3 years ago, I took samples to the local dept. of agriculture and added gypsum, sifted top soil, sand, peat moss, and perlite just as I was told to. This cost a freaking fortune because I had to take down a tree, my privacy fence so the excavating equipment could get back there to remove several dump truck loads of the clay and dump in the amended soil. I had a great yard for a year...then the clay came back. I have tilled it every year and added more gypsum since then and it is a waste.
But, I think you are right about the anaerobic fermentation. As someone asked about my post, it is a swampy mucky smell. Trouble is, I have done everything to aerate but . the clay seems to rise to the top.

to
Hmmm...that sounds like my clay, NOXIOUS! Like someone else asked, it is a mucky smell, not a sewer type smell. That would also explain why it got worse after I added the peat moss, gypsum and other organic material. What do you do about this? It is bluish gray, slippery and slimy when wet, dries hard a brick and cracks when it is dry.
[Message End]
I facing the same problem as you before.
I got a land at the river side, surrounded by wetland. Water from wetland pass through below my land to the river.
I dig a 4' wide, 3' deep diversion drain around my whole land and connected to the river to intercept water coming all around from wetland. This solve the problem.
Now there is some one feet long common snakehead(channa striata) in the diversion drain I dig(with backhoe), I'm thinking of doing some fishing when free. <g>
Regards, Wong
-- Latitude: 06.10N Longitude: 102.17E Altitude: 5m
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May I ask, where do you live? It's possible your yard contains 'Marine Clay', an especially noxious form of clay that can, when saturated, cause anaerobic decomposition of any organics within the soil structure. This decomposition without oxygen causes really bad smells as all sorts of alkyds and even alcohols are produced.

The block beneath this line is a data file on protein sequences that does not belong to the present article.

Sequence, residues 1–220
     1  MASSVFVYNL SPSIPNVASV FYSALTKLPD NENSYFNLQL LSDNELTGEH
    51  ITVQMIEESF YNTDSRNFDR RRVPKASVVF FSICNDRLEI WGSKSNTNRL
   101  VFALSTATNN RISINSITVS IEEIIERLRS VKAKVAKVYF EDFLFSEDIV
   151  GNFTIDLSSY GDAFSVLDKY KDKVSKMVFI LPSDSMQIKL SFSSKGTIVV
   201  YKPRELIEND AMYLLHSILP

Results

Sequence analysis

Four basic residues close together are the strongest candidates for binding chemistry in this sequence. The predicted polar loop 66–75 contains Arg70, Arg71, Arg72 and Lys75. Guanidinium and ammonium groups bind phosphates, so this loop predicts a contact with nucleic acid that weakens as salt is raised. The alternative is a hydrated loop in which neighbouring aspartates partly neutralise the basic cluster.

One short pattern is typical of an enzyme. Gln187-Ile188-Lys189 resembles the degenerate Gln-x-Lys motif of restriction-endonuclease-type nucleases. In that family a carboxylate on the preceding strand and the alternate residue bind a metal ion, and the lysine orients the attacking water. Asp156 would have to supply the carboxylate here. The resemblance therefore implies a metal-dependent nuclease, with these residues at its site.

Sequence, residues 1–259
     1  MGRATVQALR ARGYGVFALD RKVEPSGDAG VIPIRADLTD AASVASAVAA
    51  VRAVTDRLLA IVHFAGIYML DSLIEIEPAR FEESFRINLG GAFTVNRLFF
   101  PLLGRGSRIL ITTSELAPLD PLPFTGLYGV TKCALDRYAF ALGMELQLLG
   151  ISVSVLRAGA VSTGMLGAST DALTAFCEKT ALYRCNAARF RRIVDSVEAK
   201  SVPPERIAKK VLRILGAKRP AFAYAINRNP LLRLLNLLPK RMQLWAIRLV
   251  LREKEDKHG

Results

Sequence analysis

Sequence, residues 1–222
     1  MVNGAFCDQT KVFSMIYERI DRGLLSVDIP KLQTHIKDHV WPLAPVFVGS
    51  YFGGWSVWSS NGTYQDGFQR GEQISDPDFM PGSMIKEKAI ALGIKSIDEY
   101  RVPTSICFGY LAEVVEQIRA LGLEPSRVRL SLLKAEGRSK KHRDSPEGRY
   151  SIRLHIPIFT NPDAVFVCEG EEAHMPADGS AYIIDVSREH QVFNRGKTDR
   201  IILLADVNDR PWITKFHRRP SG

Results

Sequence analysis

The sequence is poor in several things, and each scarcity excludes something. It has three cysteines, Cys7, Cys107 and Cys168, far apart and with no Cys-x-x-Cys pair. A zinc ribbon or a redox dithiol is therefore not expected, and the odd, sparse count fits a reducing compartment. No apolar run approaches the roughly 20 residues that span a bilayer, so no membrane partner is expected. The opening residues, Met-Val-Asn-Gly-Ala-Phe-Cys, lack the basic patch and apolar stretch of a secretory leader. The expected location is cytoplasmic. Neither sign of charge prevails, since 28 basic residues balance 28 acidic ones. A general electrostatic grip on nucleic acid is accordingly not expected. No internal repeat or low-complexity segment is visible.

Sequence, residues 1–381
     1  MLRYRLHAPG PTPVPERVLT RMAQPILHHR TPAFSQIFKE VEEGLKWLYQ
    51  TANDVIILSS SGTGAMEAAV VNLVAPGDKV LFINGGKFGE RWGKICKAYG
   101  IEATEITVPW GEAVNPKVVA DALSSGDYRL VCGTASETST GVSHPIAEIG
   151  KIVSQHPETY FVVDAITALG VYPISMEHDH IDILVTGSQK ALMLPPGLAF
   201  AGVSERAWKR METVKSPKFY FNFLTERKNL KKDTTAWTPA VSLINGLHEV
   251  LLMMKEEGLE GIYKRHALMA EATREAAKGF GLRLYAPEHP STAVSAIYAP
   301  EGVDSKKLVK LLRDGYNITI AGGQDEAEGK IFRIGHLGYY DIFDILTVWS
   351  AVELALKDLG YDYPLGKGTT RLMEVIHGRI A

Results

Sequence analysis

If you tell us where you live perhaps we can look at soil maps of your area.
Dave

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Hmmm...that sounds like my clay, NOXIOUS! Like someone else asked, it is a mucky smell, not a sewer type smell. That would also explain why it got worse after I added the peat moss, gypsum and other organic material. What do you do about this? It is bluish gray, slippery and slimy when wet, dries hard a brick and cracks when it is dry.
I live in Virginia Beach, VA at the very edge of the swamp. Even though I am 7 miles from the ocean, there is absolutely no sand, Incidentally, last year I bought 50 pounds of three different types of earth worms to keep the soil aerated. I guess they are just more organic fodder for my clay.

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On Mon, 31 May 2004 22:22:45 -0400, "The Data Rat"

Ah HA!!! at the edge of the Swamp!!! yep clay, ground is too wet.. should have spent money putting up a sealed concrete bunker with one way valves for moisture to go OUT not IN.
You're on swamp ground ..that's been "reclaimed".. sort of. Dry on top, wet underneath. Sounds like you need some way of "draining" the soil, but the only way I know of doing that is for them to dig drain ditches, but if you're at the edge of a swamp the ditches would just fill up while they were digging them. I don't know if you have any kind of a sump, doubt you have a basement, but about all you can do is try to find things that will grow there that will utilize that type of soil. Willows, Mangroves wouldn't grow without brackish water I imagine, but .. have you talked to your County Extension agent.. master gardener.. or better.. see if you can talk to the actual agent if at all possible to see if he/she knows about your area or knows anyone else that has experience with that area. If the ground is basically water logged clay there is going to be precious little that can live in it except bog plants and the stuff that's living over there in the swamp, might be time to look around there and see if there are things you like. Get some pitcher plants and sundew! Find any plants that could grow there, the more you get growing the more moisture it can wick up out of the soil, the more it'll "sweeten" the soil.